• This is no surprise, but guess who is responsible for by far the largest number of visits to my website? Well, duh, it is me. This is a tiny website, with an average of about 30-50 visits a day. While I’m doing various things on my website, I visit a bunch of times every day. So of course I’m the biggest visitor. The last month or so before the 2008 and 2012 elections, the number of site visits increased by a a factor of 10. Maybe even more in the last week before the election. No idea if that will happen again, but if it does, for a few short weeks, I will not be the the biggest factor in my own site’s traffic. But the “normal” state, which it inevitably returns to me being the main visitor to my site. And I am good with that.
  • The most popular page on my site is actually one that hadn’t looked at in years, let alone updated. Namely, my True Binary Clock page. I have to make some time to update and improve it a bit. After all, people actually do look at it. People other than me. About a dozen people every day! :-)
  • The next most popular page is another I have neglected lately, my Random Spot Tool. Haven’t updated that in years. It is still centered on my old house in Bellevue instead of where I live now! I moved almost three years ago! Need to fix this page up a bit too.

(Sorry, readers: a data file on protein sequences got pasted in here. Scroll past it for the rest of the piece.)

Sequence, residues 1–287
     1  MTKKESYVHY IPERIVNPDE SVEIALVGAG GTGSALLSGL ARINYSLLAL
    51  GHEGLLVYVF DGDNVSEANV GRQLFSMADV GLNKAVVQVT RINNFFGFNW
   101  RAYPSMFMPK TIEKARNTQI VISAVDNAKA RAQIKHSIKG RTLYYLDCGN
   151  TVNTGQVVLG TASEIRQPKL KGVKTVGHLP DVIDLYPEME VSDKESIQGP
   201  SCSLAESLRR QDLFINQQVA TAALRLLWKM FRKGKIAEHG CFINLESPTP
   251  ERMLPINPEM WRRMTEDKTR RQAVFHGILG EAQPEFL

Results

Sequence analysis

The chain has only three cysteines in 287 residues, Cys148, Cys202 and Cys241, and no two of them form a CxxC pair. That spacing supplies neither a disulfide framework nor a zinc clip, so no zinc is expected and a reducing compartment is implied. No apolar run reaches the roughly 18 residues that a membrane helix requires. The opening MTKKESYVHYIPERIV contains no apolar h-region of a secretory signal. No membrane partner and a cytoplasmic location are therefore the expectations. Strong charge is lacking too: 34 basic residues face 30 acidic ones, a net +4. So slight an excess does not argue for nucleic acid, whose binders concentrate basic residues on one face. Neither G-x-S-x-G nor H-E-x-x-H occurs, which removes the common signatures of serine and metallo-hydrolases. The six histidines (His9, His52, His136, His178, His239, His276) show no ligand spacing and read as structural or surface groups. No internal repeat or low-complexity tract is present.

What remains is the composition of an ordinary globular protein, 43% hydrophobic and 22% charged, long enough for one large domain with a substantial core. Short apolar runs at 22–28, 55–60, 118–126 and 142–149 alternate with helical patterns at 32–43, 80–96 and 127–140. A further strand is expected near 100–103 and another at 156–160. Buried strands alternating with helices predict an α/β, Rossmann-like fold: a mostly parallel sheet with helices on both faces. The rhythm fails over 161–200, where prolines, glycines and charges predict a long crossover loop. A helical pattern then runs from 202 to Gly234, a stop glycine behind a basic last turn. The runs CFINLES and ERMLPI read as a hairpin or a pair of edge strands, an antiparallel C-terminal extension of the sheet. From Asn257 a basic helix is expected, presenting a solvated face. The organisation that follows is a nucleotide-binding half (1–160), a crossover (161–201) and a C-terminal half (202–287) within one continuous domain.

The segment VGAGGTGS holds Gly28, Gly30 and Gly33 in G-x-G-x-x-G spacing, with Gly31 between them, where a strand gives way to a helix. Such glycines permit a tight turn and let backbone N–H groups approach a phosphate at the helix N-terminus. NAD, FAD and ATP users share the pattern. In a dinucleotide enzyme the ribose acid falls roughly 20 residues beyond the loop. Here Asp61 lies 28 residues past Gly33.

• After that comes my blog home page, then my Random Trip page. Then come a few pages that I know pretty much only I visit before you start to get random other pages people are finding via random google searches. It is always interesting what kinds of things people are finding like that, but the numbers are small.

Anyway, I’m keeping Google Analytics because it is actually useful to me. To me. Not JUST to whoever runs the tracker. None of the others had any use for me whatsoever. I was just giving information about my site’s traffic and visitors away for absolutely nothing in return. So all the rest are gone.

Good riddance.

Next thing to look into… moving the site to https, because plain old http makes the traffic wide open to a completely different kind of monitoring and analysis…